4. Earlier today, EA sent out an update regarding the development of the unnamed Star Wars title. The title, codenamed Ragtag, has long been rumored to have internal development troubles, and the announcement all but confirms those rumors. Patrick Söderlund, EA Worldwide's executive vice president, penned the public message that attempted to clarify the company's decision to close Visceral Games, one of their most well-known subsidiary studios: Our Visceral studio has been developing an action-adventure title set in the Star Wars universe. In its current form, it was shaping up to be a story-based, linear adventure game. Throughout the development process, we have been testing the game concept with players, listening to the feedback about what and how they want to play, and closely tracking fundamental shifts in the marketplace. It has become clear that to deliver an experience that players will want to come back to and enjoy for a long time to come, we needed to pivot the design. We will maintain the stunning visuals, authenticity in the Star Wars universe, and focus on bringing a Star Wars story to life. Importantly, we are shifting the game to be a broader experience that allows for more variety and player agency, leaning into the capabilities of our Frostbite engine and reimagining central elements of the game to give players a Star Wars adventure of greater depth and breadth to explore. This move leads to a few other changes: A development team from across EA Worldwide Studios will take over development of this game, led by a team from EA Vancouver that has already been working on the project. Our Visceral studio will be ramping down and closing, and we’re in the midst of shifting as many of the team as possible to other projects and teams at EA. Lastly, while we had originally expected this game to launch late in our fiscal year 2019, we’re now looking at a new timeframe that we will announce in the future. This move seems to be coming from EA in an attempt to move the game away from being a linear, story-focused experience and toward a more long-term investment. Essentially, this is EA stepping in to make sure that project Ragtag can continue generating money post-launch, probably through microtransactions and/or DLC, both of which have become core parts of their business strategy in recent years. I suspect that it will also be shifting focus of the title from a linear, single-player story toward a multiplayer competitive title that can be milked for money via DLC and microtransactions for years after release. Kotaku was able to get some further clarification on Visceral's closure. Söderlund responded to their questions by saying that the EA Vancouver team that was already attached to the project would take the lead along with a team taken from across EA Worldwide Studios. EA executive producer Steve Anthony will lead the entire effort and much of the work done by Visceral will be used in the final game such as assets that have already been built. Amy Hennig, known for her work directing Uncharted 1-4, had been helming Visceral's Ragtag project. Her fate seems to be uncertain, although an EA spokesperson stated that, "We are in discussions with Amy about her next move." EA has said that they are trying to move as many devs as possible to other parts of EA, but many will be finding themselves without a job. Other studios across the industry, such as God of War developer Sony Santa Monica and 2K Games, have expressed their sympathy for the people affected and opened their doors to applicants who might not make it through the dissolution of Visceral. View full article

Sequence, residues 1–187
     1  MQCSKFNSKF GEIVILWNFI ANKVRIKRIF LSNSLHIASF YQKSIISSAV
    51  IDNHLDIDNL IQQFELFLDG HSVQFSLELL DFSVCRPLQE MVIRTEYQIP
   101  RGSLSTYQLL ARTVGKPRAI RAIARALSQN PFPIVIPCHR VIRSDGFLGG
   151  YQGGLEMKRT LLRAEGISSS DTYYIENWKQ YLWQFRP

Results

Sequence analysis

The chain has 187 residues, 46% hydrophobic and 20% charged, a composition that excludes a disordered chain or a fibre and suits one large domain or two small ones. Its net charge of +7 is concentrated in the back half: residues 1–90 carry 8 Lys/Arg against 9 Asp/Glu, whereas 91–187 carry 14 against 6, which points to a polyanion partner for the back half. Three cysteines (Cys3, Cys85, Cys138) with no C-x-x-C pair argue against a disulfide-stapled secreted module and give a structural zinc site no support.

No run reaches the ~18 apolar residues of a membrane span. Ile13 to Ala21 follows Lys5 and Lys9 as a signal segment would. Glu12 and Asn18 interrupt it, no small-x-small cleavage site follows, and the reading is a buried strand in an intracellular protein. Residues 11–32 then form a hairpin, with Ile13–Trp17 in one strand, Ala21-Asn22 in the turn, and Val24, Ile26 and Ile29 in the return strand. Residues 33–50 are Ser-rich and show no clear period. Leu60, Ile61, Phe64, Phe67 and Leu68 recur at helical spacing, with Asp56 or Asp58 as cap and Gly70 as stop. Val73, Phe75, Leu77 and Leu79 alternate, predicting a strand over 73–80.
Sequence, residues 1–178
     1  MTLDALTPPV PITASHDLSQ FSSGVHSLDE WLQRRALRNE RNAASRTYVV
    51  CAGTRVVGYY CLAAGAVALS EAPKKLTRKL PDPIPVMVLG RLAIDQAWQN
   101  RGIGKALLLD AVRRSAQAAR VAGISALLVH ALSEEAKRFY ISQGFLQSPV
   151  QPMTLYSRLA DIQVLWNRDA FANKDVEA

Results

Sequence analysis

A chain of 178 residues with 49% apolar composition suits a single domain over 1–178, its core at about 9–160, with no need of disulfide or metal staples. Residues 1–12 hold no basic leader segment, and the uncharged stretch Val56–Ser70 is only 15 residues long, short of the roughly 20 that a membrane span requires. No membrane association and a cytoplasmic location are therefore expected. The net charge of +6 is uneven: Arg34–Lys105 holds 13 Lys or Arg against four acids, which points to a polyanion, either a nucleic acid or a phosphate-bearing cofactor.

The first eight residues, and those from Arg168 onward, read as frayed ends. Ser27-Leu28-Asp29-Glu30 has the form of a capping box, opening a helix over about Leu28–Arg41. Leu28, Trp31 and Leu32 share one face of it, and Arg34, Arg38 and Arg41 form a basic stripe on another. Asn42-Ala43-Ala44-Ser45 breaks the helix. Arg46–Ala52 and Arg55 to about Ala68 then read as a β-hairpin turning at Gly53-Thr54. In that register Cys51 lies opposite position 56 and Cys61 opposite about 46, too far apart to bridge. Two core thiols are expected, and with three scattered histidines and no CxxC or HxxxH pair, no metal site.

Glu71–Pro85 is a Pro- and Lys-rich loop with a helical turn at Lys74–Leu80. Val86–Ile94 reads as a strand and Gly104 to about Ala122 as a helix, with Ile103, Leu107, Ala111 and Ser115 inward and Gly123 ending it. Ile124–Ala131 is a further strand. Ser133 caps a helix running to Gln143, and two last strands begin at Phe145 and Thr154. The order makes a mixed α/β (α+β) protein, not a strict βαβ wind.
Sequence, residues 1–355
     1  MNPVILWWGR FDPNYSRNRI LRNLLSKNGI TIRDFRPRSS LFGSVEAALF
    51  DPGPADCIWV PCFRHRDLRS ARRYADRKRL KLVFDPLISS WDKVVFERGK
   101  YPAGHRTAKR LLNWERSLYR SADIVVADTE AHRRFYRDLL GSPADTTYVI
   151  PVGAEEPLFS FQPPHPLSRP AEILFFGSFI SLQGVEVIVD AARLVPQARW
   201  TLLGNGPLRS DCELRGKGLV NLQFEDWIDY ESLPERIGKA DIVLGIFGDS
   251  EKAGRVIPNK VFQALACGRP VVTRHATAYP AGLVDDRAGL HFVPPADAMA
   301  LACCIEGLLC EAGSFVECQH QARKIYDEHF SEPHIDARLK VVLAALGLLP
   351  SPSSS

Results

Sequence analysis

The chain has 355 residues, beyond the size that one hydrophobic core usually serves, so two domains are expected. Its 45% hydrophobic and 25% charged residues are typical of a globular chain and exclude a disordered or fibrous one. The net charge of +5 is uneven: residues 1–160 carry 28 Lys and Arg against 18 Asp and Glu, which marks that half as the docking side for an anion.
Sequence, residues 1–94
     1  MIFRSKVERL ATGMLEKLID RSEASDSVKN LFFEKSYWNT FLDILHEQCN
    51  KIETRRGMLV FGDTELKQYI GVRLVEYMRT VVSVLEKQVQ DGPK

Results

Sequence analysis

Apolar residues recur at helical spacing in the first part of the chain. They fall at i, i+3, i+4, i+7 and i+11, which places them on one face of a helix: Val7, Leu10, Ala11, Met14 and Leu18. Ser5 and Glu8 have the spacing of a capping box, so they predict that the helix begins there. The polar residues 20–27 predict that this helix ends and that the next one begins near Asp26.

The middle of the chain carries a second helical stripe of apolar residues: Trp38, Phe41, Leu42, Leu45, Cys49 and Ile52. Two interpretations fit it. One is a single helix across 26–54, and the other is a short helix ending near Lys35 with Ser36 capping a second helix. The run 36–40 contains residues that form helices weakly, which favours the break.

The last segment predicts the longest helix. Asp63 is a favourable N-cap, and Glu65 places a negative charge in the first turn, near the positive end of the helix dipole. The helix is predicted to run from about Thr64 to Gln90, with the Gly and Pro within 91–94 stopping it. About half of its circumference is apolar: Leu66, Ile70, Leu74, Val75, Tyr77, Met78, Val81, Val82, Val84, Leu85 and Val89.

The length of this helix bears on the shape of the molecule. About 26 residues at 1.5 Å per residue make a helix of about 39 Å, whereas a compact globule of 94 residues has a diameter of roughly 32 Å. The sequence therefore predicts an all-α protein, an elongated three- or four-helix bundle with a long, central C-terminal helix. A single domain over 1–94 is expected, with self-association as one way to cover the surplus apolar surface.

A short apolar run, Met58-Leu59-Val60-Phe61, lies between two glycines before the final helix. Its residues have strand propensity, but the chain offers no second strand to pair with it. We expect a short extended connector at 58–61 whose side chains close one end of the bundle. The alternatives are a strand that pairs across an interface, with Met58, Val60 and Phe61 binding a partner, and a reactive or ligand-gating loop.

5. In honor of the day of all things spooky-scary we're turning to the game that took up Resident Evil 4's third-person horror mantle and mixed it with Alien and Event Horizon. Dead Space released in 2008 and garnered numerous accolades for its tense sound, tight level design, and its unique focus on dismembering monsters. Some reviewers and fans at the time crowned Dead Space as the scariest game of all time. Though that title might have since been given to other games, Dead Space still holds its share of horror. but is that enough for it to be a best game period? Each week we will be tackling a video game, old or new, that at least one of us believes deserves to stand as one of the greatest games of all time. We'll dive into its history, development, and gameplay, while trying to argue for or against the game of the week. Sometimes we will be in harmonious agreement, other times we might be fighting a bitter battle to the very end. However each episode shakes out, we hope that everyone who listens will find the show entertaining and informative. Outro music: Uninvited 'The Old Mansion by the Road' by Sir_NutS, Stephen Kelly, and WillRock (http://ocremix.org/remix/OCR03443) You can download or listen to the podcast over on Soundcloud, our hosting site, and iTunes. A YouTube version is (sometimes) available as well, so you can watch what we are talking about while we talk about it! You can also follow the show on Twitter: @BestGamesPeriod New episodes of The Best Games Period will be released every Monday View full article